Archive for February, 2007

The Decemberists

Saturday, February 3rd, 2007

DPRP posted a week or so ago a very long-winded, genre-obsessed review of The DecemberistsThe Crane Wife. I am always interested in reading prog sites’ reviews of non-prog albums, although often as not I come away frustrated with the naiveté that is inevitable when reviewers write about an album that is not quite within their area of expertise (of course, I myself do this all the time — and if I start reviewing the contemporary classical music I’ve been listening to lately, watch out!). Anyway, as far as these things go, this is actually quite a good review.

Speaking of The Decemberists, a friend really wanted to see them, so I plonked down a cool $45 for their upcoming show in the DC area, at the Strathmore, a large, swanky (this is the kind of place where you can have “afternoon tea”… to the tune of $18) seated venue. I’m excited, but a little leery — the last time I saw these guys live, it actually kind of turned me off from their music for a few months. I’m not sure why, and I think that’s the only time something like that has ever happened. Maybe it was the impossibly stereotypical hipster/indie-kid appearance of bandleader Colin Meloy (not to mention a large plurality of the audience). Maybe it was the audience participation that I just found forced and silly. Maybe it was the attempt at an improv that was pretty much just awful. Not sure, but hopefully it won’t happen again. Hopefully it won’t happen again with any band — it was a distinctly weird feeling, especially since all in all, I did enjoy the show.

Wonder if this has happened to anyone else? You go to a show you’re excited about but you come away actually feeling more negatively about the band than you did before?

Henry Cow & Nelly Furtado (a natural combo)

Thursday, February 1st, 2007

For some reason I’ve been listening pretty nonstop to Henry Cow’s Concerts the past couple days (which means there will probably be a review coming soon — that it hasn’t yet been reviewed on this site is somewhat baffling). A favorite moment that just passed me by: some 11 minutes into the fabulous take of “Ruins,” Fred Frith’s ebullient guitar solo slowly stutters into the background, as if pushed backstage by Dagmar Krause as she begins singing wordlessly, imploringly. This stuff is sublime.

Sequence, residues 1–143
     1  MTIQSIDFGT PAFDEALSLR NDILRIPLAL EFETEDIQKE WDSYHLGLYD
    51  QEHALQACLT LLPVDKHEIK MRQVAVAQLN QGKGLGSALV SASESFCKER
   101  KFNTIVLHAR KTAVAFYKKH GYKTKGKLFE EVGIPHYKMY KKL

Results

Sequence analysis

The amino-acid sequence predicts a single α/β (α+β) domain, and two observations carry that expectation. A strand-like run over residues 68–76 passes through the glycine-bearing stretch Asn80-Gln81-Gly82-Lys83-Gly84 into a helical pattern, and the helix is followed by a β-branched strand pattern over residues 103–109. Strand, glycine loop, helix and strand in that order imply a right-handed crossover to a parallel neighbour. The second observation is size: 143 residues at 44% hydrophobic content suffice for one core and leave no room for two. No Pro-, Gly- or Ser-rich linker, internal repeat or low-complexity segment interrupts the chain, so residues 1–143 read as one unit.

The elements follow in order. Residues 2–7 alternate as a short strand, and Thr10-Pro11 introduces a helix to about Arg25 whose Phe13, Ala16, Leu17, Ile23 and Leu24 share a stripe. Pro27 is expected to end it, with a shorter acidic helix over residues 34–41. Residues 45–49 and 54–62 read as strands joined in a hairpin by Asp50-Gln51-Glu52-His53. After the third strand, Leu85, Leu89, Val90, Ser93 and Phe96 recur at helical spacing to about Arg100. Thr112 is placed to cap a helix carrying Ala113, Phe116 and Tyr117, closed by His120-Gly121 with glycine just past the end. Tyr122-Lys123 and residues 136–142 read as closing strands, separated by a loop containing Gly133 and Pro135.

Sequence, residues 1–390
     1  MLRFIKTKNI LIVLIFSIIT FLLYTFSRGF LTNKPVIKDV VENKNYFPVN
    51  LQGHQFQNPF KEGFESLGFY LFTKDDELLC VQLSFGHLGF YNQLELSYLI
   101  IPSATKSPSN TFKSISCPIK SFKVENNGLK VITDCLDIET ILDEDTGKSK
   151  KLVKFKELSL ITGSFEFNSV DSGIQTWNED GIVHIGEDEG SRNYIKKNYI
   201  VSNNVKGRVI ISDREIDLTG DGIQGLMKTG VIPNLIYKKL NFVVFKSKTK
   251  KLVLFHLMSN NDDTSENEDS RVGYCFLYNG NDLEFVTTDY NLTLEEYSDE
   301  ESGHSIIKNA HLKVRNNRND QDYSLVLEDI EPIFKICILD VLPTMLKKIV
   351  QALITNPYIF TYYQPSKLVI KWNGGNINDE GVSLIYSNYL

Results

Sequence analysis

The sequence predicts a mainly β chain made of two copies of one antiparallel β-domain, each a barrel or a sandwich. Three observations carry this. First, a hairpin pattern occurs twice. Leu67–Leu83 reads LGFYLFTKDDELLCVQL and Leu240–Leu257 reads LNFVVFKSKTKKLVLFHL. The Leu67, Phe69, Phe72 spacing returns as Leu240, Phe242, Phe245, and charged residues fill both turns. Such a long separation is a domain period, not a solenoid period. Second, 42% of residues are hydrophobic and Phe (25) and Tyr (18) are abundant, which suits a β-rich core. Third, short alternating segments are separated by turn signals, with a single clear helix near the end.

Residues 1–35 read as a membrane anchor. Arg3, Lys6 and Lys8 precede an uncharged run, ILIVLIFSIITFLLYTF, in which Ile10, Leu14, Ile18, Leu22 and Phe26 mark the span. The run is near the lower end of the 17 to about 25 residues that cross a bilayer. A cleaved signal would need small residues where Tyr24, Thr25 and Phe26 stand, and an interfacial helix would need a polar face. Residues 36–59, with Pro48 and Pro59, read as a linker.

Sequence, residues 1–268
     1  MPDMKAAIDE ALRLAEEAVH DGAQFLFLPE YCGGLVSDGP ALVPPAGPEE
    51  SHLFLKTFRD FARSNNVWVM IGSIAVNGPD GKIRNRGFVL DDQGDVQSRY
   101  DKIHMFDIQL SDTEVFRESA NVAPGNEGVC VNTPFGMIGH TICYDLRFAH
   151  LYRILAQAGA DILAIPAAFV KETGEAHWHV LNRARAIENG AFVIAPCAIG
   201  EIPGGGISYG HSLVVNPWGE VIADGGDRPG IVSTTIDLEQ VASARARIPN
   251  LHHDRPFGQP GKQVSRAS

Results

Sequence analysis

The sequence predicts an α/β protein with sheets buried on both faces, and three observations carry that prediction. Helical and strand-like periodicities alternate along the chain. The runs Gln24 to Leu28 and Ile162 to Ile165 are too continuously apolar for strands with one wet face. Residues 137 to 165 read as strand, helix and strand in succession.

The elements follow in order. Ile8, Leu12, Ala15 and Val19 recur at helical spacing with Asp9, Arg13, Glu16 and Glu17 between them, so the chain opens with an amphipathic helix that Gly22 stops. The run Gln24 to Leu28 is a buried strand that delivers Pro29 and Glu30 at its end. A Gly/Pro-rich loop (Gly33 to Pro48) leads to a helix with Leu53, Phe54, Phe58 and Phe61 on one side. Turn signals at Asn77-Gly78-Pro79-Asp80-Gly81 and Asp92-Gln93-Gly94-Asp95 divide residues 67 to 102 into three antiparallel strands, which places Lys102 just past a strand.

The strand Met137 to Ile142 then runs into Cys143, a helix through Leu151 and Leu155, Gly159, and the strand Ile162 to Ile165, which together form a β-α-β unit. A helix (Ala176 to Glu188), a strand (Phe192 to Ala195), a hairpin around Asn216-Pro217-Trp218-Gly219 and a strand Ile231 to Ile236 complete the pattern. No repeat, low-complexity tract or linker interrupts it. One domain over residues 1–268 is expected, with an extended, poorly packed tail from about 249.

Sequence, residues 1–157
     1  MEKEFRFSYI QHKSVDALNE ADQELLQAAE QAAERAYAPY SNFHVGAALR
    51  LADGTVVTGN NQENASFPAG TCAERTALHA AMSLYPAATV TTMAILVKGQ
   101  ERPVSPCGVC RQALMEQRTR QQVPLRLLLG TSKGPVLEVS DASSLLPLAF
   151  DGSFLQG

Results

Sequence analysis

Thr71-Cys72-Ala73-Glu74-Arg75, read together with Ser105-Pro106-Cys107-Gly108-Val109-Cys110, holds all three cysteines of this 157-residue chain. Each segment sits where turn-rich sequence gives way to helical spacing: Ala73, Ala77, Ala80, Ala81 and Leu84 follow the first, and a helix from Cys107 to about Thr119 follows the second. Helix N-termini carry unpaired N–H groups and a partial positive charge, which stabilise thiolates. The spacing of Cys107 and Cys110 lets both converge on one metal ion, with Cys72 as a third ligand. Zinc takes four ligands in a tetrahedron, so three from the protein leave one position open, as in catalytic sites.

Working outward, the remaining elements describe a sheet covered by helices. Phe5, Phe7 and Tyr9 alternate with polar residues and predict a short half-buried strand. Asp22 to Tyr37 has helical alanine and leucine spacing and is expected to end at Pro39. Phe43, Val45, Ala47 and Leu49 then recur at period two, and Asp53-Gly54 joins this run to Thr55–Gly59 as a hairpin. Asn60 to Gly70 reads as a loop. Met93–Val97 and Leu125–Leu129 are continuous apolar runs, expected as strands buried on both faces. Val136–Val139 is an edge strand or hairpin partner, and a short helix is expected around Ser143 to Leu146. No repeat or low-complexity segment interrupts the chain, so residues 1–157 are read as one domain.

And now, since I know readers of this website are probably big fans of modern pop music:

Incongruously, the album that kept me awake on a recent long drive was something rather different — Nelly Furtado’s new one, Loose. I suppose this isn’t all that new anymore. In any case, it’s quite fascinating: the first few songs are pure club fodder, absolutely stinking of Timbaland (that sounds rather negative but isn’t meant to be), with all the lyrical nuance you would expect from songs called “Maneater” and “Promiscuous.” (Though the Steve Nash namedropping is kind of cute, or something. Hey, look! A fellow famous Canadian!) But then we get into some totally different stuff, like “No Hay Igual,” which combines your typical queasy Timbaland synth line with Latin percussion and insistently chanted vocals in Spanish. It’s actually pretty edgy stuff. This is followed by a song “featuring Juanes” that sounds more like a Juanes song than it does a Nelly Furtado song. And then, a little later, we get something that would totally be at home on a Kylie Minogue album: “Do It” is pure Euro dance-pop. Then there’s “In God’s Hands” which sounds more like Mandy Moore than anything else. Finally, there’s the triumphant closing song, an absolutely gorgeous slice of melancholy that is maybe the best pop ballad I have ever heard.

What is one to make of this? Furtado kind of carved out an identity for herself over her first two albums, but now she seems either totally directionless, or brilliantly unhinged, or maybe just a bit plagiaristic (even aside from the whole “Do It” controversy with Timbaland). Not only does Loose not sound anything like Whoa, Nelly! or Folklore, it also sounds nothing like itself, having absolutely no consistent sound. This isn’t necessarily so weird for some artists, but for a pure pop artist, it’s rather more surprising. I still haven’t decided if it’s a good thing or not. Or, for that matter, whether this album is any good or not.